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Tuesday, May 21, 2024

Høie blasted over imported infection

Health Minister Bent Høie has played a heroic role during Norway’s battle against the Corona virus, but now he and the government are accused of caving into lobbyists to allow more foreign workers into Norway in June. That defied the recommendations of state health professionals, who warned that the risk of imported infection was high.

Health Minister Bent Høie is widely viewed as having done a good job of keeping Corona infection levels down in Norway. After a recent second wave of infection, however, he’s suddenly under fire from opposition Members of Parliament. PHOTO: Forsvaret/Torbjørn Kjosvold

Newspaper Aftenposten reported this week that both the national employers’ organization NHO and the trade association representing industrial firms (Norsk Industri) had lobbied Høie and other government officials hard last June. Tax subsidies granted to the oil industry last spring, to help them get through the Corona crisis, had prompted a spurt of activity in the offshore sector and some shipyards needed workers. Many of the workers came from Poland, Lithuania, Great Britain and other countries, but faced entry restrictions and quarantine demands that NHO and Norsk Industri wanted the government to ease.

Aftenposten could document that top state health officials had warned Høie that the risk of foreign workers bringing the Corona virus with them was “especially high.” The workers were urgently needed, however, so the health ministry allowed Norsk Industri to formulate exemptions to entry restrictions for the workers coming from abroad, to protect jobs and the fortunes of major employers in outlying areas along the coast.

When told by the health directorate that the resulting “guidelines” violated state regulations at the time, the regulations themselves were eased. On Friday, opposition parties in Parliament were calling for a disciplinary hearing, claiming that the government seemed to be in the pocket of the industrial lobby and had granted special privileges to industrial interests that were not granted to others.

‘Hotline to the government’
“This case is so serious that it demands a response from the government,” Labour Party leader Jonas Gahr Støre told state broadcaster NRK on Friday. Other parties in opposition including the Center Party, the Socialist Left (SV), the Greens and the Reds are also indignant. “NHO has a hotline to the Conservative government that others can only dream of,” Reds leader Bjørnar Moxnes told Aftenposten.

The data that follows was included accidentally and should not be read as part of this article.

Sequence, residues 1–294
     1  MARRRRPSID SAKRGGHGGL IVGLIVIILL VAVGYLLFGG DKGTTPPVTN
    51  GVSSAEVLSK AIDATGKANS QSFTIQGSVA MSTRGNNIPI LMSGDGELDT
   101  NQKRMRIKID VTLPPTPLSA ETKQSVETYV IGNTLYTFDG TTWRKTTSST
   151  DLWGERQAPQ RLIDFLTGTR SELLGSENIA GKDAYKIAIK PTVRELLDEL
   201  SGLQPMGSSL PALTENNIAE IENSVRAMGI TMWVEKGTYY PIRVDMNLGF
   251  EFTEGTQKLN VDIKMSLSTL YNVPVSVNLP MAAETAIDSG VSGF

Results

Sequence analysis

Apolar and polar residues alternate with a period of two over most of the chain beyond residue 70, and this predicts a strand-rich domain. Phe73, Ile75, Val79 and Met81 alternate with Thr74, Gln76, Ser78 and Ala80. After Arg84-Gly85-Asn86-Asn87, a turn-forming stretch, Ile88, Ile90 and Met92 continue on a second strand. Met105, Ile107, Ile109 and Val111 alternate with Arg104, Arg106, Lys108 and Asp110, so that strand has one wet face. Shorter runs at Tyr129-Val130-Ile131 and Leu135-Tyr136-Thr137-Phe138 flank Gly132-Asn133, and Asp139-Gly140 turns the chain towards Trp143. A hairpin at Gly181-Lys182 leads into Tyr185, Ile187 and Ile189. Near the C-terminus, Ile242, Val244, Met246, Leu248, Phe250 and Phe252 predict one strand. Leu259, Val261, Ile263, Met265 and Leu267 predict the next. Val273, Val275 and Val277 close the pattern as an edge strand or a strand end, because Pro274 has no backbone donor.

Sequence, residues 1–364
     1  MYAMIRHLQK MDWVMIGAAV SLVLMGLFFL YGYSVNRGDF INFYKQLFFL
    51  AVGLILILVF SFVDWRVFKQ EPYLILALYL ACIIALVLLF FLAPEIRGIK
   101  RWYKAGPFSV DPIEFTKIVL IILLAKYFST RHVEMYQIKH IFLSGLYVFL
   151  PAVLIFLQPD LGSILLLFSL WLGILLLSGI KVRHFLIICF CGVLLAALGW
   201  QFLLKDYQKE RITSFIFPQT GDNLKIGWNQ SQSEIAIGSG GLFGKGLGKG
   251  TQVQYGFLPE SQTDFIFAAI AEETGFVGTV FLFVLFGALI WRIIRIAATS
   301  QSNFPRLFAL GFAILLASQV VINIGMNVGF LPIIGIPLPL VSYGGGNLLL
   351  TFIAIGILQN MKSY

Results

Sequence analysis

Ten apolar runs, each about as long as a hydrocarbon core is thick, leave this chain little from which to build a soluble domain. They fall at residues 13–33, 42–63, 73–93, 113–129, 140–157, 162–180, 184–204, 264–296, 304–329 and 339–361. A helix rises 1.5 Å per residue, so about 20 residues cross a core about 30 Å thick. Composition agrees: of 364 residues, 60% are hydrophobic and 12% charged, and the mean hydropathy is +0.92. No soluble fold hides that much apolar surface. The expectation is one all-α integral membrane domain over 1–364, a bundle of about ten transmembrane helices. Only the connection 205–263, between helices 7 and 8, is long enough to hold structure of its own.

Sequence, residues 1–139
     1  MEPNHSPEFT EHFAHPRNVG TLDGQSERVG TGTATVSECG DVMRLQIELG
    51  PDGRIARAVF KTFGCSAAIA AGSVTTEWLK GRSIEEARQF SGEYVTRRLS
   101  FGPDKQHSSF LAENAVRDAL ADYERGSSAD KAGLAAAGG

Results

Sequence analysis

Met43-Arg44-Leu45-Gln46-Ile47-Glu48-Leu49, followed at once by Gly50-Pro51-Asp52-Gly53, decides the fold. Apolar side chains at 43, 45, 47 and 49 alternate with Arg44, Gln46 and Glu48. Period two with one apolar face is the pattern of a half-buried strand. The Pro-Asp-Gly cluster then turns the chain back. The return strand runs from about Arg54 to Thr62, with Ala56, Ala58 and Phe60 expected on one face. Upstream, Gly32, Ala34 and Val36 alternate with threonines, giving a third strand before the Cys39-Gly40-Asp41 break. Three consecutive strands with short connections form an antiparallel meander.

The problem is that more than 2,000 of the Polish, Lithuanian, British and other “guest” workers in Norway last summer tested positive to the Corona virus. They had avoided some of the mandatory testing and strict quarantine regulations that applied to others arriving from abroad. SV leader Audun Lysbakken told Aftenposten that “(Prime Minister) Erna Solberg isn’t afraid of being strict towards most of us in the fight against the pandemic, but she’s much less strict when demands come in from business interests.”

Most of the opposition politicians had gone along with, and even encouraged, opening Norway’s borders last summer, “but the question is whether the government had enough control,” Støre said, while MP Kjersti Toppe of the Center Party said it was “just incredible that Norsk Industri wrote the guidelines and that health officials’ warnings weren’t heard.”

Opposition shares some blame
Others, including political commentator Kjetil B Alstadheim in Aftenposten, note that Labour, Center and SV had pushed through the tax subsidies that suddenly created jobs in the offshore sector. They thus share responsibility for creating the demand for workers in June, suggests Alstadheim. Infection levels at the time had also fallen dramatically, Norwegians were allowed to travel within the Nordic countries and cruising was allowed to resume along the coast, although that resulted in literally scandalous amounts of Corona infection. Everyone also agreed that economic stimulus packages were needed and that restrictions should be relaxed in order to offset the harm Corona had already done to the economy.

Health Minister Høie also defended the exceptions allowed for foreign workers. They “did not lead to the second wave of infection (that has swept over Norway this fall),” Høie told NRK. “Completely other factors are behind that, including imported infection from people who aren’t covered by the the workers’ exemptions.”

Høie said he “of course” will answer any and all questions from Parliament about the quarantine exemptions allowed early last summer. Norway has since tightened its border control, ordered people arriving from abroad to check into special “quarantine hotels” and established more enforcement of quarantine.

Imported infection risk remains
The infection risks presented by foreign workers, however, are a major issue, not least as the winter fishing season begins. Many people come to Norway from all over Europe to work in fish processing centers, but they’ll face testing and quarantine regulations, too. They may bring Covid-19 with them from abroad, and must follow all Corona containment measures after arriving.

That prompted chief medical officers of eight municipalities in Northern Norway to call on Friday for new regulations that would allow the foreign workers to be covered by sick pay if they fall ill. Otherwise, fear health officials in Bodø, Lofoten, Vesterålen and other fishing centers along the northern coast, they’ll turn up for work and possibly infect others around them.

“We believe it’s critical that all workers are secured against loss of income because of illness or quarantine tied to Covid-19,” they wrote in a joint appeal published in Aftenposten on Friday. Berglund



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